Ma Tzu The Empty Mirror ~ 09

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event type discourse & meditation
date & time 24 Sep 1988 pm
location Gautam the Buddha Auditorium, Pune
language English
audio Available, duration 1h 43min. Quality: good.
Osho leading meditation from 1:23:51.
Live music after the discourse.
online audio
video Available, duration 1h 50min. Quality: good.
online video
see also
online text find the PDF of this discourse
shorttitle MATZU09
notes
synopsis
Reader of the sutra: Ma Deva Anando. Questions are being read by Osho himself.
After discourse Osho leads No-Mind Meditation.
The sutra
On one occasion, a monk called on Ma Tzu and asked him, "Who is the man who does not take all dharmas as his companions?"
Ma Tzu replied, "I will tell you this after you have swallowed all the water in the West river."
Upon hearing this, the monk was instantaneously awakened, and he stayed for two years at Ma Tzu's monastery.
At another time, Ma Tzu said, "Every dharma is the dharma of the mind, and every name is a name of the mind. All beings are born of the mind, and so mind is the foundation of all beings.
As an example: The shadow of the moon reflected on the water has many shapes, but the real moon is not like that. Likewise there are various rivers, but the nature of the water is the same. Although there are myriad activities, there is no discrimination in the emptiness. Different things go through the different ways, but the liberated wisdom is one. All are based on one mind.
Every dharma is based on the dharma of Buddha. Each dharma is instantly the dharma of realization, and the dharma of realization is, things being as they really are.
All that come and go and have a rest, or sit and lie down, are the mysterious work, and they don't need a process of time. The scriptures also say: 'All around everywhere, instantaneously there are Buddhas.'"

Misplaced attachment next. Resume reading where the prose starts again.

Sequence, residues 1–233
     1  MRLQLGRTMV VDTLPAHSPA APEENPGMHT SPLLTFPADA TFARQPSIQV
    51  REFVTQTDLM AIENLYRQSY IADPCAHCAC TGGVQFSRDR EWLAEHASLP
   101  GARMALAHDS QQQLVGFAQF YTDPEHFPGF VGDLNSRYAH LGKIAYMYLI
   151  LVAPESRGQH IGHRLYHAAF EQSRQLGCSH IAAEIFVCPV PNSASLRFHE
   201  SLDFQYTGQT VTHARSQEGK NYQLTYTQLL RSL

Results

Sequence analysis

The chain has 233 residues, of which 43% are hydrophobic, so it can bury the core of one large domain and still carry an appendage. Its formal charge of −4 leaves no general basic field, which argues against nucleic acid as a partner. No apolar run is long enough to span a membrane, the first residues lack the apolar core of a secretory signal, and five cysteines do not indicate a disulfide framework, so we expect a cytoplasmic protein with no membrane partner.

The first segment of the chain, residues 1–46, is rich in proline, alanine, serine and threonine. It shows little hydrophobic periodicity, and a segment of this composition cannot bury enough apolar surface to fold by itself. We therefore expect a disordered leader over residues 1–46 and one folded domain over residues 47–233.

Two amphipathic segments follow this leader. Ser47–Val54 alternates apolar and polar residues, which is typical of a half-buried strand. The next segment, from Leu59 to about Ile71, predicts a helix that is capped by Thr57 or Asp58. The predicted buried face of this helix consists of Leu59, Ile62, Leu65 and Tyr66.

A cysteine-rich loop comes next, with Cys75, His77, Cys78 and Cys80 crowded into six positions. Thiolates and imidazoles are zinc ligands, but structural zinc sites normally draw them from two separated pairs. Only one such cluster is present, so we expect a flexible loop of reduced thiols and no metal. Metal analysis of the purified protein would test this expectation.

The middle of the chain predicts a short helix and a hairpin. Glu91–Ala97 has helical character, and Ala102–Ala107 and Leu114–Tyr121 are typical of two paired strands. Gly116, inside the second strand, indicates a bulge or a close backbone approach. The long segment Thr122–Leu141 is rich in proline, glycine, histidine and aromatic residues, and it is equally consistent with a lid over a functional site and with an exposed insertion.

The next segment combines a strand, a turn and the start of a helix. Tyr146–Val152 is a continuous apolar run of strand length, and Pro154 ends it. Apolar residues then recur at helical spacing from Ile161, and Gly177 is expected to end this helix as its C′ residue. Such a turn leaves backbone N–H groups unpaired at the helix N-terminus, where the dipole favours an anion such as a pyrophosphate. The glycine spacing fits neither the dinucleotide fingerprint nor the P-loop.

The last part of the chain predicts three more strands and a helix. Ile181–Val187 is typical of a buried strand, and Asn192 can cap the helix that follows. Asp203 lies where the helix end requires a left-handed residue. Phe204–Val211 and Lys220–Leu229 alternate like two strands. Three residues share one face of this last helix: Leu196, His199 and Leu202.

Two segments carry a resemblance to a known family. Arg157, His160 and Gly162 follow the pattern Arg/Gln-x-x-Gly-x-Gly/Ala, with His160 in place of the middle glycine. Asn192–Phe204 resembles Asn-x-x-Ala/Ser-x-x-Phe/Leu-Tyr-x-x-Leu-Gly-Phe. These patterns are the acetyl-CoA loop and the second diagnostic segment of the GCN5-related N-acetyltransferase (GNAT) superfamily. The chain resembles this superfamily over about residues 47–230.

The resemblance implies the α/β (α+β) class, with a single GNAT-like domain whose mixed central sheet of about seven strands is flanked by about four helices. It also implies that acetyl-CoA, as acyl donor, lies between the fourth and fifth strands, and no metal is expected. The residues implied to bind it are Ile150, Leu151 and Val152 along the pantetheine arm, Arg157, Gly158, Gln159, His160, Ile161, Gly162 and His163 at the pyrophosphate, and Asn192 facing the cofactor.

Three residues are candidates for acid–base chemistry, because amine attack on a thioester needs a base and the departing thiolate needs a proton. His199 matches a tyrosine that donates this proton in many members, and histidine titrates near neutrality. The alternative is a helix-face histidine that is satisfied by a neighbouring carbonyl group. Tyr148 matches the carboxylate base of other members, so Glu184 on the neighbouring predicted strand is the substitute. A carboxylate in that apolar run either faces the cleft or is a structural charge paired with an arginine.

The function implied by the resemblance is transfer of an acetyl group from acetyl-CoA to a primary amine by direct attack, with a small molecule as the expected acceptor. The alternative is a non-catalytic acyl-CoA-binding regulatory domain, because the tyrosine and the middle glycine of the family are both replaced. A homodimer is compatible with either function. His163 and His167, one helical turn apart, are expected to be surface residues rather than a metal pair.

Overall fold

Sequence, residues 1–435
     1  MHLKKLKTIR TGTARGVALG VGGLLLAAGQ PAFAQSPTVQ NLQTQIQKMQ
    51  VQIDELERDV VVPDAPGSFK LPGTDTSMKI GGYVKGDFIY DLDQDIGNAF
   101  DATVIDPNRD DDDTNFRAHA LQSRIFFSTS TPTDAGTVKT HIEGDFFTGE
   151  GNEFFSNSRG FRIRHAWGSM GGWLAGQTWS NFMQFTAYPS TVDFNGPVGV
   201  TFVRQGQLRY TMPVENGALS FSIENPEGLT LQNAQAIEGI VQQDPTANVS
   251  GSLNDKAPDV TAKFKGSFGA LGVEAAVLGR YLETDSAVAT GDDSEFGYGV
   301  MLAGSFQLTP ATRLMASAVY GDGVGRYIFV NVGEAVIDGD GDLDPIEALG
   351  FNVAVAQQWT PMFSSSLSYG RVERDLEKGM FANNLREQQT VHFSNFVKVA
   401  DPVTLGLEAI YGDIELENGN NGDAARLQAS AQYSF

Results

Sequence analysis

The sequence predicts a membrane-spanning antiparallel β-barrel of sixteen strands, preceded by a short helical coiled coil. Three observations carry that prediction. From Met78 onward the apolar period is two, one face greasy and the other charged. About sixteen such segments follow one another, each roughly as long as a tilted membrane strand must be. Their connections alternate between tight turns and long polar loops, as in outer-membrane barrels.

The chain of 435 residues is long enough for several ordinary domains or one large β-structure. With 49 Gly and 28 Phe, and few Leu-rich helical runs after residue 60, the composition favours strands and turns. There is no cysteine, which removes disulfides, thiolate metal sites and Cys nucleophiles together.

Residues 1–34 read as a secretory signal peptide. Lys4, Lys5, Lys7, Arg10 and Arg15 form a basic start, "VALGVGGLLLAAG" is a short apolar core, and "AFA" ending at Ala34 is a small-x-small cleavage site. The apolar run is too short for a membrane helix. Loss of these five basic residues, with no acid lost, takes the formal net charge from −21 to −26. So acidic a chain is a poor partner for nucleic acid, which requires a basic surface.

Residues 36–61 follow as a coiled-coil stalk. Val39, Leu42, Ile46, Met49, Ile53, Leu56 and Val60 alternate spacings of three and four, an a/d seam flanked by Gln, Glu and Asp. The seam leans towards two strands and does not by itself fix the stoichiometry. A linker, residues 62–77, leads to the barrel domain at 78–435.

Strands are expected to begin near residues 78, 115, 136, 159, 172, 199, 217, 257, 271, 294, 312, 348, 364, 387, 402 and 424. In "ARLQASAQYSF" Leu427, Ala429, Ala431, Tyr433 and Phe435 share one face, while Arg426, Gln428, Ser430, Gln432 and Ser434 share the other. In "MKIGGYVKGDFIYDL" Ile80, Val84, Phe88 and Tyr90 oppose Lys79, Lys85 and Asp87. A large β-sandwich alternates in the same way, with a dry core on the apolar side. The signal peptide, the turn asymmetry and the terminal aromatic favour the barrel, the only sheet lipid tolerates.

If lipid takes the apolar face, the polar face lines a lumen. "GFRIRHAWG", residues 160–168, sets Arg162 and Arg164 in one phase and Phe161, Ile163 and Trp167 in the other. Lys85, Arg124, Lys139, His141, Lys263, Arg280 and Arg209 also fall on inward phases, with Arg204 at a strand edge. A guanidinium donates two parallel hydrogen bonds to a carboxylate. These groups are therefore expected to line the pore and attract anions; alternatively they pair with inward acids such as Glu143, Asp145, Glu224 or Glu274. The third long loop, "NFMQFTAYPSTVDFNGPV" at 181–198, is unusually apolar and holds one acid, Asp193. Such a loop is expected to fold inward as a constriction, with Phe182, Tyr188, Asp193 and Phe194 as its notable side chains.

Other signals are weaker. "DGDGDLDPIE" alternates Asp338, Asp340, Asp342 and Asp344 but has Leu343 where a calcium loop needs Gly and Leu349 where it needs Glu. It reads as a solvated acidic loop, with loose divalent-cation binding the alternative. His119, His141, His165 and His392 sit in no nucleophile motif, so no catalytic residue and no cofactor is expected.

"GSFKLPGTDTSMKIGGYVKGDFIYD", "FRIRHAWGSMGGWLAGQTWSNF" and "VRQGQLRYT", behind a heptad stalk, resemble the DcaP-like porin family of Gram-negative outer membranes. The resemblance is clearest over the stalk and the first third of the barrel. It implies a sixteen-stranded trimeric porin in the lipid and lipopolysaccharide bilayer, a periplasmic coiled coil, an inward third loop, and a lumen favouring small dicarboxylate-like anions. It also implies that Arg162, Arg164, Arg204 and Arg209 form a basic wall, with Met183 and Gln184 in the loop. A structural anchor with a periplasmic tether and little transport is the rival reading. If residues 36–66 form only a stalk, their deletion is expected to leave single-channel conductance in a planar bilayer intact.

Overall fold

Ma Tzu continued, "Cultivation is of no use for the attainment of Tao. The only thing that one can do is to be free of defilement. When one's mind is stained with thoughts of life and death, or deliberate action, that is defilement. The grasping of the truth is the function of everyday-mindedness.
Everyday-mindedness is free from intentional action, free from concepts of right and wrong, taking and giving, the finite or the infinite.... All our daily activities -- walking, standing, sitting, lying down -- all response to situations, our dealings with circumstances as they arise: all this is Tao."


Question 1
Our Beloved Master, a situation that occurred last night was such a vivid illustration for me of how you are -- as we have heard of Ma Tzu -- a living teaching master of Zen, a man of Tao.
When the horse came trotting into the hall, anyone in your place who was anything less than enlightened would have been disconcerted to find that the attention had moved from them. They may have felt distracted, thrown off center; afraid of looking foolish because they could not see what the cause of the laughter was.
You simply stopped talking and allowed events to take a new course. You looked so vulnerable, so innocent and unknowing, in those moments. Your immense power and extraordinary fragility, your absolute presence and your utter absence were so apparent.
This is not really a question; I just wanted an excuse to make sure the incident did not go unrecorded.


(source:CD-ROM)


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